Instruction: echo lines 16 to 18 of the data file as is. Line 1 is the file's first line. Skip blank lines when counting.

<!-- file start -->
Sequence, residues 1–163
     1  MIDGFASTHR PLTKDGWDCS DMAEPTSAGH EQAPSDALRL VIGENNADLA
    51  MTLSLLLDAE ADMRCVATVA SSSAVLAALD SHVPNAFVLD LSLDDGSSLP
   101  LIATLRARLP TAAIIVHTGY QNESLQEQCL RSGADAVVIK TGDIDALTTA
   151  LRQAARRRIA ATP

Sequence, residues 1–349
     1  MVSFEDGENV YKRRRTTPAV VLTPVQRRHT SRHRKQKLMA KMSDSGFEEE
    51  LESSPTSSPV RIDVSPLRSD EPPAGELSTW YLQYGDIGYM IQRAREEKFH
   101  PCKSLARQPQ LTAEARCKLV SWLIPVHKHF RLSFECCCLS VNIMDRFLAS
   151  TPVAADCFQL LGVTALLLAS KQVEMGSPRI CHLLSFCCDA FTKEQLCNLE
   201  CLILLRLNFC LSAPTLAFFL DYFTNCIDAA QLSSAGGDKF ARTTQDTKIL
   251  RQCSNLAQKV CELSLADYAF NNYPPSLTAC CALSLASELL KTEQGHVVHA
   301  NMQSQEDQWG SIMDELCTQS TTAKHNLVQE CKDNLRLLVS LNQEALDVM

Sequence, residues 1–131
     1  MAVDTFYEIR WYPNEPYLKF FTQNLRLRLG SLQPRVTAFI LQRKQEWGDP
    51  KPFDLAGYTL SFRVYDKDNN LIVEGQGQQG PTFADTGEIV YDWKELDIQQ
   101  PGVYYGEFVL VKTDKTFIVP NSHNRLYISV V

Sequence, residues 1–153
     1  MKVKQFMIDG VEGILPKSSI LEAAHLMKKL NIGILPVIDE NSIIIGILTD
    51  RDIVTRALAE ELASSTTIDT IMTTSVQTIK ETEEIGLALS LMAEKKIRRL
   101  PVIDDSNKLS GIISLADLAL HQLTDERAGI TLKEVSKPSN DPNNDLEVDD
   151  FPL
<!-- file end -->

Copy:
    51  KPFDLAGYTL SFRVYDKDNN LIVEGQGQQG PTFADTGEIV YDWKELDIQQ
   101  PGVYYGEFVL VKTDKTFIVP NSHNRLYISV V

Sequence, residues 1–153